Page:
guest post: can Black art be gentrified? / ronke lawal
“Gentrification is the process of making a person, place or activity more refined based on Western ideals and the “mainstream” gaze. Gentrification is often linked to property districts and the transformation of an “undesirable” area into a more desirable area as form of social cleansing. Those areas are often taken over by a more economically stable demographic (usually but not exclusively Caucasian) who can change the essence of the area and afford to redevelop it. If gentrification can take over an area of land is it possible to take over a creative space? Can gentrification impact art and our consumption of art?
When we look at the history of art consumption, there has always been a skewed perception of what quality art is and who is worthy of consuming it. There is a sense of elitism that is attached to the art world, which has kept the doors closed for so many talented Black artists. What I speak of here, is not simply access to galleries, but access to financial freedom from selling Black art and media profiling for talented artists. Being in PR myself I have seen how often Black creatives struggle to be seen and heard until the “mainstream” deem them worthy. Until a Black artist is considered cool or on trend then their art is often left unnoticed, until Black art and the spaces that Black art fills become gentrified do they really hold a value? Well of course they still hold value! This is not a piece on the measurement of artistic value. This is a piece that looks at how Black Art has been repackaged for White audiences.
Black art spaces and the consumption of Black art has been monopolised by what society deems to be the acceptable face of art. Yet we know that art has been consumed and enjoyed by Black People for generations. In 2018 P. Diddy purchased a piece of artwork by renowned artist Kerry James Marshall for $21.1 million dollars making Marshall the highest paid living African-American artist. Aside from the price, the fact that a Black man purchased this piece is testimony to the fact that Black people do appreciate art. There are a number of initiatives which celebrate Black artists such as the art collective Black Blossoms and the online art store Ayok’a both founded by Black women (Bee Tajudeen and Alice Gbelia) for Black artists. The Black British Female Artists collective give Black female artists from across the diaspora a platform to showcase their talents. The BLK Art Group was established in the 1980s by a group of Black artists who were at the helm of the British Black Art movement. Why are these initiatives and movements so important? Because Black art has long been claimed by others. There are museums all over the world which “host” African art, often stolen from countries during the colonial era as if using Black labour and resources from those lands was not enough. But there is also something to be said for galleries and art agents who have been making money from Black artists whilst not necessarily giving Black audiences the opportunity to enjoy the art let alone buy it.
The Gallery of African Art is a unique space as it is one of the few (perhaps even the only) galleries in London which is owned by a Black family. Ownership is important because at its core the reason why gentrification spreads so quickly is because those who are seen as disenfranchised lack the economic power and influence to block changes or make an impact because they do not own the spaces that are being taken. Without ownership an external party can override the power and dominance of the creator. Black art and culture has been appropriated since the dawn of time, however where there is ownership, there seems to be some remnants of protection. I say protection because whilst art is created for the wider world, everyone should be able to enjoy art and creativity freely those who create the art need to be given the opportunity to enjoy the fruits of their labour. It would also be remise of me to overlook the urgency with which we need to ensure that Black people from all generations are given access to view and consume Black art.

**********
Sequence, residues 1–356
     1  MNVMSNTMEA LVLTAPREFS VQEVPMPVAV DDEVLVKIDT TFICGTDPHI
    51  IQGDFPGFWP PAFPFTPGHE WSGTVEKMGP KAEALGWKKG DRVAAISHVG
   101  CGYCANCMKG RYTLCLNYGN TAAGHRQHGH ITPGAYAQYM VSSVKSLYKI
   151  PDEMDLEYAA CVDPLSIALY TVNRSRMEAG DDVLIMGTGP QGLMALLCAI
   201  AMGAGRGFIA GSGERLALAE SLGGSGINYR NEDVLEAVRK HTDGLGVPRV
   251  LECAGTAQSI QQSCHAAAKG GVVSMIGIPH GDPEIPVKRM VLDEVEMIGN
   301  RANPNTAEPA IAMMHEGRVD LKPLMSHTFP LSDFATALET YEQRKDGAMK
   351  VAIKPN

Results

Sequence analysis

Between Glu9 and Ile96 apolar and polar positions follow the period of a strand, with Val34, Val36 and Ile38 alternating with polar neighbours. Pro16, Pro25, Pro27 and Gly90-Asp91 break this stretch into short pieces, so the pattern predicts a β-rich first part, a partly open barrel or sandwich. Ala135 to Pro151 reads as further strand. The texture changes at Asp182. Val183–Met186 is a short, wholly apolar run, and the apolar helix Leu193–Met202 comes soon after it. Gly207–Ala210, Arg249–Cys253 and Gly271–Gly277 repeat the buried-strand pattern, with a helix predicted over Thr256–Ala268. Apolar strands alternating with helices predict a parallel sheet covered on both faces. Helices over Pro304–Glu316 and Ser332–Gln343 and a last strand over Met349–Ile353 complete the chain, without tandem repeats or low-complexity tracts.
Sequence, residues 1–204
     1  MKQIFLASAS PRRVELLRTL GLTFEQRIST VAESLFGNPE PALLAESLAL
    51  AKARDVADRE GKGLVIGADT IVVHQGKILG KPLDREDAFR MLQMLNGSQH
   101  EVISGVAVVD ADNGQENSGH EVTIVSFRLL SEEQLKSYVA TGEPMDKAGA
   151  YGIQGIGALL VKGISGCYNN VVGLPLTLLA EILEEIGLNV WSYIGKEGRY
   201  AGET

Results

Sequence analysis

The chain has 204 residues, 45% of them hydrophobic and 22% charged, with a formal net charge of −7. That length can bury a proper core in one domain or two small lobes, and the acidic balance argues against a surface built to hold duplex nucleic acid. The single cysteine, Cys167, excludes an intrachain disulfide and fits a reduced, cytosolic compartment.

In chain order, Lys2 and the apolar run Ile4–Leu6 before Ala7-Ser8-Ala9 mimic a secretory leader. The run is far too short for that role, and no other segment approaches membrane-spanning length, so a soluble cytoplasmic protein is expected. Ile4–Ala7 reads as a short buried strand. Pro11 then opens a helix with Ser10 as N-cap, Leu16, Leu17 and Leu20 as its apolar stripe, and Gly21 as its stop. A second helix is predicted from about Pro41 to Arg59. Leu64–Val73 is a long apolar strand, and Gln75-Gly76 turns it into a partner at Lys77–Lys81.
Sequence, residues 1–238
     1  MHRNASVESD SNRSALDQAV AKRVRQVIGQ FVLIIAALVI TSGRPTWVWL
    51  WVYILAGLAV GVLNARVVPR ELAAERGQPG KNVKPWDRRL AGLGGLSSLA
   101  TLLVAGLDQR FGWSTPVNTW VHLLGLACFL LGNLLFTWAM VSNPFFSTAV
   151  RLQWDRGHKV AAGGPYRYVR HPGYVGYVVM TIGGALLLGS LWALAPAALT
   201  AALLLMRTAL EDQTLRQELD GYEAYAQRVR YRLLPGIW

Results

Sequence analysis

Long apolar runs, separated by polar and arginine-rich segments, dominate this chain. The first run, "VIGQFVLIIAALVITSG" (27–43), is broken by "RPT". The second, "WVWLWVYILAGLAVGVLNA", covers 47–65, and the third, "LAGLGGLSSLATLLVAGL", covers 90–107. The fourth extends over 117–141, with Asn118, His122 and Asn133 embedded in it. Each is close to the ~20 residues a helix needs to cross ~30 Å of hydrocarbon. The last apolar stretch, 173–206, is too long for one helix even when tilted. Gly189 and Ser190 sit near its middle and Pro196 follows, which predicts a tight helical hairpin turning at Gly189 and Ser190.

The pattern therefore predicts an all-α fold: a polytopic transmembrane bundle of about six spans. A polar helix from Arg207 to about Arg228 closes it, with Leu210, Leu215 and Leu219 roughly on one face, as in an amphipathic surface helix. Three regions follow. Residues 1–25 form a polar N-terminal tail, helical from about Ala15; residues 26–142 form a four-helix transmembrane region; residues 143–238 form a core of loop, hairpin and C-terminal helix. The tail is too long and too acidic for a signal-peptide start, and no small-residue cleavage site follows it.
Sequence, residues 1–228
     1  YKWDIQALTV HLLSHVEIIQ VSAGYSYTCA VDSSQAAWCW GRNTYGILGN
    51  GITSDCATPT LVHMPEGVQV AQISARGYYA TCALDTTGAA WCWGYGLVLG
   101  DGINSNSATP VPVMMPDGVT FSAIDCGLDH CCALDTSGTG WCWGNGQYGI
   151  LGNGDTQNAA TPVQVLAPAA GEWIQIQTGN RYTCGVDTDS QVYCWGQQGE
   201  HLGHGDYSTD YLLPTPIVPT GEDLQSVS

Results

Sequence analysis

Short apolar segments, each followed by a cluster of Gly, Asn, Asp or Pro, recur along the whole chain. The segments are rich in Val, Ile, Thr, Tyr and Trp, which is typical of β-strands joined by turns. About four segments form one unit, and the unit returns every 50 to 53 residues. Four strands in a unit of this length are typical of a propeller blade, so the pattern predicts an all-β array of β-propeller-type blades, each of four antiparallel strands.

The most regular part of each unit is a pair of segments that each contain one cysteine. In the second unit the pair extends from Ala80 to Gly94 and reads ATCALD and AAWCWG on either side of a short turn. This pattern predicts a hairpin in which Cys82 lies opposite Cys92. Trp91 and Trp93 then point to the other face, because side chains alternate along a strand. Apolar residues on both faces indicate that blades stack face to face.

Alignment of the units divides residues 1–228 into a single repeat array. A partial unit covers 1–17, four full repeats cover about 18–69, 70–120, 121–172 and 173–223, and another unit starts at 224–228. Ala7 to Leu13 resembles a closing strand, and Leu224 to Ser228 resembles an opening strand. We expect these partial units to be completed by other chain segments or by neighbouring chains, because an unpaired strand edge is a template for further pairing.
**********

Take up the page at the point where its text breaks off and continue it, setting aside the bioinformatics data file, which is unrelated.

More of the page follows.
Many major galleries in the UK specifically have struggled with ensuring that they promote their exhibitions to a diverse audience in diverse ways. The challenge has been that quite often those at the top in many galleries seek to promote to audiences they know and understand, even though the art curated should also reflect the artists background. Yet this is how gentrification works, seek out the raw essence of something pure and repackage it or rehouse it to make it palatable for a less nuanced group. After a while Black art becomes a trend rather than a lifestyle and culture. We need to ensure that Black artists are given the media exposure that they deserve, that they have access to funding and spaces to create. Galleries should have inclusive teams which advocate for real change not just well meaning rhetoric. More should be done to dismantle myths that Black people do not enjoy art, although perhaps that is a more complex issue as art is a very personal experience in Black homes. We have it in our power to make sure that a balance is struck and that Black art does not simply benefit the world of the artistic gentrifier but the world as a whole.
I hope that one day we can truly use that power.”
Ronke Lawal Founder/PR Consultant of Ariatu PR which represents a variety of clients in various industries including the entertainment, fashion, lifestyle& beauty, food and luxury goods sectors.